By Emily Rachelle Russell | Contributor
This week, Taylor University remembers the life of former Chairwoman of Board of Trustees Grace Roselyn Kerlin ('55), or "Rosie," who died Friday, April 21, after a battle with leukemia.
Kerlin, the first female chair of the board of trustees, gave her heart to Taylor as a student, an alumna and a board member. Former Taylor University President Jay Kesler ('57) remembered their time as students together fondly. "She and (her husband) Joe were really the embodiment of Taylor," Kesler said. "(They were) two of the most prominent student leaders on campus by example . . . the kind of people we wanted to be."
Jim Garringer, director of media relations, remembered Kerlin as a strong leader who encouraged others. "She was a smart, thoughtful, winsome leader who had a vision for Taylor University," Garringer said. "She loved Jesus, and she loved people."
Avis Industrial Corporation Vice President Marty Songer grew up knowing Kerlin and her husband as faithful Taylor supporters. Songer served as Director of Alumni Relations at Taylor University for 21 years. She said Kerlin always planned the Class of 1955 reunions. "Once Rosie knew you, and you became a friend of hers, you were a lifelong friend," Songer said. "She just had a way of making everyone feel important."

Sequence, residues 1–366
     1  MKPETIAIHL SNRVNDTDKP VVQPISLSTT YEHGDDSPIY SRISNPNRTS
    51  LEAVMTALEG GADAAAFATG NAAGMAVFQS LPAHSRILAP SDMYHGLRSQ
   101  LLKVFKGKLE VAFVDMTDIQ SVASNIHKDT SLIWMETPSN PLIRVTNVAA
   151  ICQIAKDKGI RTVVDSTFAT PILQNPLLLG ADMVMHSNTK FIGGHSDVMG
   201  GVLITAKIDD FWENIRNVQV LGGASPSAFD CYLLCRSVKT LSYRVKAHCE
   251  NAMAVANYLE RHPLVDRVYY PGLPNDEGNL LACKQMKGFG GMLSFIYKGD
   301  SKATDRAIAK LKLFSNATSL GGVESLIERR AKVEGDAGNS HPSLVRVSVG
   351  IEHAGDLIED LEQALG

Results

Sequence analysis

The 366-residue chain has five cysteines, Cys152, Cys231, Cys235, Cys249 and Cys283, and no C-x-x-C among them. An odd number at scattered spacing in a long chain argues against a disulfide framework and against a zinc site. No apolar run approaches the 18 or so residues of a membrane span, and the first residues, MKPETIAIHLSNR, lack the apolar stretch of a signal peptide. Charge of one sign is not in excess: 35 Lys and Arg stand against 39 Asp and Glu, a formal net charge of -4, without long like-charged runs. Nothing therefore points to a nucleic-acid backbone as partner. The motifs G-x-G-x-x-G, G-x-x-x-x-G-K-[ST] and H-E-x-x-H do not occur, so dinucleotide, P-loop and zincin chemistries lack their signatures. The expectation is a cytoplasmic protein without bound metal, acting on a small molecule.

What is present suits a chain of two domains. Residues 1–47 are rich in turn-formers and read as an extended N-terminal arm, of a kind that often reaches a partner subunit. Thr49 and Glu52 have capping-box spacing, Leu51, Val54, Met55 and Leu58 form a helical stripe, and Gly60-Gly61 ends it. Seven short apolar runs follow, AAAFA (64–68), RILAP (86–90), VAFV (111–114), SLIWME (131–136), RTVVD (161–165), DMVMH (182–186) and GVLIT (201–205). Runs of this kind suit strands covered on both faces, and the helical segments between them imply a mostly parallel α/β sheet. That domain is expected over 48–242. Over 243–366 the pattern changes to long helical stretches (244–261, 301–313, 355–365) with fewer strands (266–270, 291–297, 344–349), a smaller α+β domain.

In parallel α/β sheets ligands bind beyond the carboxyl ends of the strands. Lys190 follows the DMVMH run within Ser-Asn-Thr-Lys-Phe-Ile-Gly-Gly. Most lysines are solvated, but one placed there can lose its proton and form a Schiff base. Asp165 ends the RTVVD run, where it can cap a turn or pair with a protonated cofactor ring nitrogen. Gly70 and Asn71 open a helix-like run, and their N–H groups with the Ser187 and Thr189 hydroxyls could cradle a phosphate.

As a fellow board member, Songer admired Kerlin's ground-breaking work for women at Taylor. "(LaRita Boren) and Rosie Kerlin were best friends," Songer said. "They got to know each other through their service on the board . . . They paved the way . . . Somebody had to be first."
Kerlin's time on the board overlapped with Kesler's term as president. Kesler remembered her as a strong ally who wanted to make Taylor University as life-changing for current students as it was for them. "She had a shepherd's heart for Taylor . . . (and) stuck with Taylor through thick and thin," Kesler said.
The G. Roselyn Kerlin Women in Leadership Award, which honors Taylor alumni's godly leadership and commitment to the Lord, was named after Kerlin. Recipients of the award include LaRita Boren and Marylou Habecker.
Songer remembered Kerlin's strength and commitment as a prayer warrior. At the funeral, Kerlin's son-in-law Brad Tobin held up a prayer journal, said Songer. It was one of 263 journals Kerlin kept throughout her life. "When she said 'I'm praying for you,' I knew that she was," said Songer.
Recalling Kerlin's experience with leukemia, Garringer said, "She battled it just as bravely as she lived her life. . . . We do not grieve without hope, but we do grieve."
Kerlin's funeral was held at West Bridge Church in Danville, Indiana, where Taylor students and alumni of all ages attended. She was interred at Sunset Memorial Cemetery in Evansville, Indiana.
"I definitely am a better person for having known her," Songer said.
In lieu of flowers, memorials may be made to Taylor University, Kingdom Building Ministries and West Bridge Church.